Monday, January 24, 2011

Ithaca Lawyer Discusses Ithaca College, and Cornell University: Criminal Charges and Administrative Hearings


Being JA'd in addition to your pending criminal charges

Sometimes as part of my representation of IC (Ithaca College) and Cornell students they will request my attending their administrative hearings. Violations on campus and usually many of the dorms/apartments are part and parcel of campus property will often result in a separate college board hearing/review to determine what consequences/punishments/reprimands/suspensions/expulsion the student may face for their criminal charges.

REMEMBER: Even many off campus infractions can and will result in your being JA'd by the police or a concerned party.


The Cornell University Judicial Administration department is more apt to want to deal with local lawyers in their process. I have found them inviting and seeking input as to what is going on at the "criminal" end of things with their students.



The Ithaca College Judicial Administration is not like Cornell as to local lawyers.


Under the IC policy ANY attorney involvement in these is forbidden. This is a "one on one" meeting.
See highlighted code under (5.) below:


7.1.2.4 Administrative Hearing Process [IV]

As amended by the Ithaca College Board of Trustees April 14, 2000, October 13, 2006, and May 17, 2009.
When a nonacademic incident occurs involving an Ithaca College student's alleged violation of any rule or regulation outlined in the "Statement of Responsibilities," policies provided in section 7.1.2.3 or in the residential life rules and regulations, the matter will be handled according to the following procedures unless the incident occurs at the end of an academic year and involves a graduating senior. For an incident involving a graduating senior, the College shall be permitted to modify the steps in the hearing procedure to allow for resolution of the matter prior to commencement:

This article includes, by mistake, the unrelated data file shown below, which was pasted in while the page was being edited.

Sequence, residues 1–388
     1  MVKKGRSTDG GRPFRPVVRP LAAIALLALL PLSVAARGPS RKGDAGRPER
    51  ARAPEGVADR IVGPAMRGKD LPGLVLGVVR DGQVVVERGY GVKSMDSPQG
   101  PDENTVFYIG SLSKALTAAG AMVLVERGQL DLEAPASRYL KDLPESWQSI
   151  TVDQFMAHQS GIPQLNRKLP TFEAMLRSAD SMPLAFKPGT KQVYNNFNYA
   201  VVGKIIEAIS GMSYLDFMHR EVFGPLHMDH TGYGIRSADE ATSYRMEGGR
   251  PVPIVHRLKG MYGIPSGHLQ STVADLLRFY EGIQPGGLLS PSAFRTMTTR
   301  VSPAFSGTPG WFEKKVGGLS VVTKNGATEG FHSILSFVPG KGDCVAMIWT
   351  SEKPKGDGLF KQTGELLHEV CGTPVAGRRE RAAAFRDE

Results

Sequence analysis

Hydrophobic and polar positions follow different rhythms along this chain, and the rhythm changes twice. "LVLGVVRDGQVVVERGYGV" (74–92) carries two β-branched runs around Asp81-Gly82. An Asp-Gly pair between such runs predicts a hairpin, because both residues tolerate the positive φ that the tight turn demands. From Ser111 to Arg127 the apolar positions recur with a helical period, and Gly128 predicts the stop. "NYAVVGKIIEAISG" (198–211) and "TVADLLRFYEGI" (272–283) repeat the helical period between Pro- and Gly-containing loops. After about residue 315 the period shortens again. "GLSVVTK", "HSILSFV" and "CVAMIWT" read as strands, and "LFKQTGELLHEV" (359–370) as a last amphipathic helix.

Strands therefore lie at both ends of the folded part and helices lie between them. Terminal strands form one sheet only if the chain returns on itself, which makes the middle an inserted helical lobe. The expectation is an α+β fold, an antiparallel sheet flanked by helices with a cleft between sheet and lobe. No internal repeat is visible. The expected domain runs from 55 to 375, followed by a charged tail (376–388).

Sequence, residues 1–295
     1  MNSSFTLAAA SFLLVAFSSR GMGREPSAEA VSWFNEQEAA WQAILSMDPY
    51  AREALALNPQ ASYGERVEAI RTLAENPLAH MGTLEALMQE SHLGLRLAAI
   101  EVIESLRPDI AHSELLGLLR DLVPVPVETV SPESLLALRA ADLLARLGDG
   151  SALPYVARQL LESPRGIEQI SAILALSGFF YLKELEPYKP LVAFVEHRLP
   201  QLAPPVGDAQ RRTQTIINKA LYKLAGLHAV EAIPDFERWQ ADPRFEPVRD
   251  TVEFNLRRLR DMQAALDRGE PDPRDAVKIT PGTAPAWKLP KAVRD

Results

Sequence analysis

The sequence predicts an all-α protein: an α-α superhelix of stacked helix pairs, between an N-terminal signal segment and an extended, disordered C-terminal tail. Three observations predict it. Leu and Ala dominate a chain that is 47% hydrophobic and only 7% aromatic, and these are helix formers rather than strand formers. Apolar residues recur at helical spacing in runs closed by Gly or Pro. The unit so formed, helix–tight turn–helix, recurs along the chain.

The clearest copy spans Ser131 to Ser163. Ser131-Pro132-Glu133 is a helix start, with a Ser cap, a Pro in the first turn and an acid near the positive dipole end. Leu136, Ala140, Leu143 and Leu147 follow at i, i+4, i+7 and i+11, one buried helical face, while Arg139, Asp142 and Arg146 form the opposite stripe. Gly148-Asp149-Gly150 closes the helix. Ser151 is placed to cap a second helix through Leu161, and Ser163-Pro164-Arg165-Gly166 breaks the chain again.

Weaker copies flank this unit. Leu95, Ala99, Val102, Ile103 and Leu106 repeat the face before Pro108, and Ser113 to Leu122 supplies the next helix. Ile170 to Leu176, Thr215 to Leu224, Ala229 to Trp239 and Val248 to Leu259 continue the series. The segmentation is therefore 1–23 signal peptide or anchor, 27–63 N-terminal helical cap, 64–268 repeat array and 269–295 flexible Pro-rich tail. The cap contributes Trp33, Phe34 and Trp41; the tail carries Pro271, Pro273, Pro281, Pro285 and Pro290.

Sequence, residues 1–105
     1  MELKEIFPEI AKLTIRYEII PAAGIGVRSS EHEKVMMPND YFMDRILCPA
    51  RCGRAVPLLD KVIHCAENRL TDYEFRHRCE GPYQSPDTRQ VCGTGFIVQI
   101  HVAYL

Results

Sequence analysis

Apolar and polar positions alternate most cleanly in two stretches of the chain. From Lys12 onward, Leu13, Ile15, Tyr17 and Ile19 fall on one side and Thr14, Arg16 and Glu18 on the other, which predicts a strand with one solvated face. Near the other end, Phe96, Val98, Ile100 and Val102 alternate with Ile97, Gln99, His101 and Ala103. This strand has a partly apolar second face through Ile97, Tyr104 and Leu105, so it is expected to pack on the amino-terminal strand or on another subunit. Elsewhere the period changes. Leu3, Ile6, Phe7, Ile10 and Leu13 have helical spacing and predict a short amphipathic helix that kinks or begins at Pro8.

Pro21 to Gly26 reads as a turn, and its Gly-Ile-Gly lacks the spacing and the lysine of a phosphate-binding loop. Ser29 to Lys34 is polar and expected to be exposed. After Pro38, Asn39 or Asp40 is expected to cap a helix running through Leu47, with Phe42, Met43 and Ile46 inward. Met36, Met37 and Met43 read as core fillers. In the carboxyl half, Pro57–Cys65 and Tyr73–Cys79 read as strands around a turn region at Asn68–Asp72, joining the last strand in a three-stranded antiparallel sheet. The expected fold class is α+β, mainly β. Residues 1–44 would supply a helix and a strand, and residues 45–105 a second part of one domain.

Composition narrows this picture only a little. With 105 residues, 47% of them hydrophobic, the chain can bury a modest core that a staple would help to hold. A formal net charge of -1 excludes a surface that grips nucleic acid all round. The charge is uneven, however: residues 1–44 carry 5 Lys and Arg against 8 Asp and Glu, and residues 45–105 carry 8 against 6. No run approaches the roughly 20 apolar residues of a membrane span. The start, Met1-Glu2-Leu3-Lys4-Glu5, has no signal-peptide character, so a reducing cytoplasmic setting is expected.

1.
The incident is documented.
2.
The documentation is then forwarded to the director of judicial affairs or other appropriate administrative hearing officer, who will determine if the student will be charged for the alleged violation(s) of the student conduct code.
3.
When a student is charged, the student will be notified in writing by the director of judicial affairs or other appropriate administrative hearing officer. This written notice will include the section(s) of the residential life rules and regulations and/or the student conduct code allegedly violated; a brief description of the incident; the date, time, and location of occurrence, if available; and an appointed time to meet with the designated hearing officer. The letter will include instructions for rescheduling the meeting should the student have a conflict with the scheduled time. The letter will include a statement indicating that if the student fails to appear for the meeting, that student waives the student's right to this administrative hearing process and a decision regarding responsibility and sanction will be assessed based on the available evidence. This judicial charge notice must be received by the student at least 72 hoursbefore an administrative hearing is convened to consider the matter.
4.
Students who fail to appear at the appointed time or fail to reschedule prior to the time of the original appointment waive their right to a hearing and may be assessed an appropriate sanction by the judicial hearing officer if responsibility is determined based on the evidence available.
5.
The administrative hearing is a one on one meeting between the student and the judicial hearing officer. The presence of an attorney and/or written materials submitted by an attorney in representation of his/her student client is prohibited. In the administrative hearing with the judicial hearing officer, the administrative procedures and charges will be explained, documentation and evidence will be reviewed, and the student will be provided the opportunity to have all pertinent questions answered. At the hearing the student and the judicial hearing officer will discuss the relevant information from the incident as well as any other information that the student or the judicial hearing officer deems appropriate.